5 Best Practices for Reducing Handle Time

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By Greg Levin

In successful call centers today, metrics like first-call resolution, quality and customer satisfaction have replaced average handle time (AHT) as the key performance indicator. Still in all, these centers haven’t stopped trying to reduce AHT—nor should they. Instead, they continually look for organic ways to gain call efficiencies via better processes, technologies and training—ways that make customers and agents rejoice rather than revolt.

Though certainly not an exhaustive list, the following are some of the best ways call centers can bring AHT and associated costs down while raising FCR, C-Sat and agent engagement through the roof.

 

1. Educate agents on AHT and implement fair objectives. Healthy reduction in AHT starts with not only taking the time to fully understand the meaning and aforementioned ideal uses of the metric, but also ensuring that your agents do, too. Top call centers educate agents on what AHT is, how it is used in planning and scheduling, and how keeping it in check helps not only keep costs down but also improve the customer—and the agent—experience. Most importantly, these centers make it clear that AHT reduction is really the responsibility of managers and supervisors—not agents. After all, it’s up to the former to ensure that agents are properly prepared to handle calls efficiently and effectively, and that the center’s systems and processes don’t hinder agents’ ability to do so.

2. Provide focused coaching to help agents with call-control issues. Supervisors and coaches in top centers don’t approach AHT-challenged agents with numbers; rather they take time to first listen to some recorded calls (including screen capture) to uncover what actions and behaviors of the agent might be adding undue length to their customer interactions. Such analysis might reveal that the agent lacks product/service knowledge or struggles with screen toggling and data entry, or maybe just needs to be a little more assertive with customers who view the interaction as a chance to socialize.

Once supervisors/coaches spot the agent’s weakness(es), they can provide personalized coaching, where the focus is on actions and behaviors—not on minutes or seconds. Give an agent more product knowledge or show them how to quickly access information, and AHT will soon take care of itself.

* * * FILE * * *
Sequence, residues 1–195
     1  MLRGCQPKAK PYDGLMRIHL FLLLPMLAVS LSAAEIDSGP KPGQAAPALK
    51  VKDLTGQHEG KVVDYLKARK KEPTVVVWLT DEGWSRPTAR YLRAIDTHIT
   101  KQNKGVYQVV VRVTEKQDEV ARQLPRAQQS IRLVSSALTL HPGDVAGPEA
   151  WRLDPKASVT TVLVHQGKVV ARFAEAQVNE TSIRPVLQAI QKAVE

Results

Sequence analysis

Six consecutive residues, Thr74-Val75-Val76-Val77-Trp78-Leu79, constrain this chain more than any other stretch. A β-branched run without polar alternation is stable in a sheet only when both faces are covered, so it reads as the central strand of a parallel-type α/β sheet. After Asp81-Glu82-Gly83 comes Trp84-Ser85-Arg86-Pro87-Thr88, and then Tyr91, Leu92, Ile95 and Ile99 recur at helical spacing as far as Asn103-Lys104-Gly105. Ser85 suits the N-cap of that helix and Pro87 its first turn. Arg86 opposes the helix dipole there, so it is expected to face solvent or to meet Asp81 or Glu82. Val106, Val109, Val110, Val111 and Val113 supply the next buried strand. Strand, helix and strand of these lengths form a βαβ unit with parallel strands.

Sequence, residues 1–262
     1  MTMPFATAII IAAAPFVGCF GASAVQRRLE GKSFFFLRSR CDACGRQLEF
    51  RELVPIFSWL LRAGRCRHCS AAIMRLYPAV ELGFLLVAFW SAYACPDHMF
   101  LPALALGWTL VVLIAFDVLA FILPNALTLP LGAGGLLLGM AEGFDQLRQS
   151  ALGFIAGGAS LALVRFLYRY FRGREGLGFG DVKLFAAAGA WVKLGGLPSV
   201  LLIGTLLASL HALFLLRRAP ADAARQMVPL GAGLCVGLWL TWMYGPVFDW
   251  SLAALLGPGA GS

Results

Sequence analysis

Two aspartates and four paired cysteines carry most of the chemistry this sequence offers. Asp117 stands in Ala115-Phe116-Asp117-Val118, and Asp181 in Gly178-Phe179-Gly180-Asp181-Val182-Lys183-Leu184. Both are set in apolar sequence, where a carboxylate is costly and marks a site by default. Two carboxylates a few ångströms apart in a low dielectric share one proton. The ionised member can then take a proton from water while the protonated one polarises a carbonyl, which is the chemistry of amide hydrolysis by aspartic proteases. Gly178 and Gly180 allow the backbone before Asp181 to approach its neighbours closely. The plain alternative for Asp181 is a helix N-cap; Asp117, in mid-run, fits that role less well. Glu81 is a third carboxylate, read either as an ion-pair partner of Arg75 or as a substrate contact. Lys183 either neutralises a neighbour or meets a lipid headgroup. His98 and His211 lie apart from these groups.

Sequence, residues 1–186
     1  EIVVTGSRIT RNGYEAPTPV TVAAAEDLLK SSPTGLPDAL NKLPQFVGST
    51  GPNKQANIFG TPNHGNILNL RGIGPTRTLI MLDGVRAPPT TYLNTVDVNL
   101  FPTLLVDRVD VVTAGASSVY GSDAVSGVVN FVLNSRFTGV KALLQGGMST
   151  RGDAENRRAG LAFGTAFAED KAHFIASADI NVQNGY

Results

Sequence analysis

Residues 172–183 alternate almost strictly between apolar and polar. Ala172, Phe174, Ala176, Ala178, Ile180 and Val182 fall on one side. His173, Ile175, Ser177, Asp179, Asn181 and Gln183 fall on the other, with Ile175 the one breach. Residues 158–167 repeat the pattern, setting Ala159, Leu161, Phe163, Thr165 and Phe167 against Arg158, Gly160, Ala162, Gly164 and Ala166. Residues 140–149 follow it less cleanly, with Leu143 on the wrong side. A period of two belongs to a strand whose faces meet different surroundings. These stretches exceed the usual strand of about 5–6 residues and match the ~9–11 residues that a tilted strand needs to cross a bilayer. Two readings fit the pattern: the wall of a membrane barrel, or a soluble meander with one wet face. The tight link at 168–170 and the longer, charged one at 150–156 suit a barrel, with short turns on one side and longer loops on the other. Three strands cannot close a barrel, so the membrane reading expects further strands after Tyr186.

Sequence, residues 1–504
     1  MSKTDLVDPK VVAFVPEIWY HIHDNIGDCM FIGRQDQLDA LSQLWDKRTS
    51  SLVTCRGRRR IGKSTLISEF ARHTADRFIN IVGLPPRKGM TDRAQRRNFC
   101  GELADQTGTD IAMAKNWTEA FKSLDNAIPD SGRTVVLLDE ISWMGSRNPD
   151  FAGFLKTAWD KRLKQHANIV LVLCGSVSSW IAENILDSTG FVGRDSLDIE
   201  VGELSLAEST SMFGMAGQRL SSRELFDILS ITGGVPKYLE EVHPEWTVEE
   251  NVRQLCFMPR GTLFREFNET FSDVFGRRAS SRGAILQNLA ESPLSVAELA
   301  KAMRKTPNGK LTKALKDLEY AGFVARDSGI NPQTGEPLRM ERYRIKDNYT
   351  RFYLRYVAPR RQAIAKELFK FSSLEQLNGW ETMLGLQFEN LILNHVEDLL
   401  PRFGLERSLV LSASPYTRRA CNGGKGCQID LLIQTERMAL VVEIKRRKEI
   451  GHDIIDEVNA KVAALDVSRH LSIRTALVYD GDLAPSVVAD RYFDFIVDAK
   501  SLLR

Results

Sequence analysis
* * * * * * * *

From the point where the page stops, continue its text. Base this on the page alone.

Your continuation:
3. Master workforce management. Call centers that become masters of forecasting and scheduling almost always have the right number of agents with the right skills in place at the right times. This impacts AHT by shortening wait times in queue, thus keeping customers from becoming frustrated and venting to agents at the start of the call.

Many leading call centers have further reduced AHT by adding a skills-based routing element to their workforce management repertoire. While sometimes challenging to manage, skills-based routing gets the customer to the most qualified available agent based on the customer’s specific need, thus reducing handle time directly (the agent has the specific skills or knowledge to handle the call efficiently and effectively), as well as indirectly (less customer frustration since the call is handled well with no or limited transfers).

Photo courtesy of Dave Anderson

4. Continually evaluate and improve workflows and desktop resources. Just because all of your agents perform within the acceptable AHT range in your call center doesn’t mean that problems don’t exist. Even more important than uncovering opportunities to improve individual agents’ AHT via coaching and training is removing barriers that inhibit all agents’ ability to maximize efficiencies.

The sharpest centers continually evaluate systems, screens and workflows to make sure that they are working properly and feature the most agent-friendly (and, thus, customer-friendly) design. While many centers use their quality monitoring system to observe how quickly and easily agents are able to move through screens and access data, most have found that the best way to identify improvements to scripts, workflows and desktop resources is to simply ask agents for their input on the matter—via surveys, team meetings, “town-hall” discussions and one-on-ones. Numerous call centers have even created special agent-led task forces that focus on things like workflow improvements and technology/systems enhancements that can help speed transactions and improve the customer experience.

5. Reward agents for positive accomplishments. This does not mean rewarding staff simply for AHT reduction, as doing so tempts agents to sacrifice the customer in order to achieve “enviable” AHT numbers. Instead, top call centers create AHT-related incentives that always take other key metrics and the customer experience into consideration. For instance, many centers reward and recognize agent teams who are able to raise quality scores, FCR rates and/or C-sat rates while reducing AHT—or even just maintaining it within an acceptable range. Rewarding and recognizing agents and teams that identify ways to improve call handling while maintaining a strong customer focus is another great way to keep staff engaged, customers happy and costs down.

Greg Levin is the founder of Off Center, a blog that provides unconventional contact center insight. 

This article was found via Contact Center Pipeline, a journal for contact center managers. 

Christopher Hennen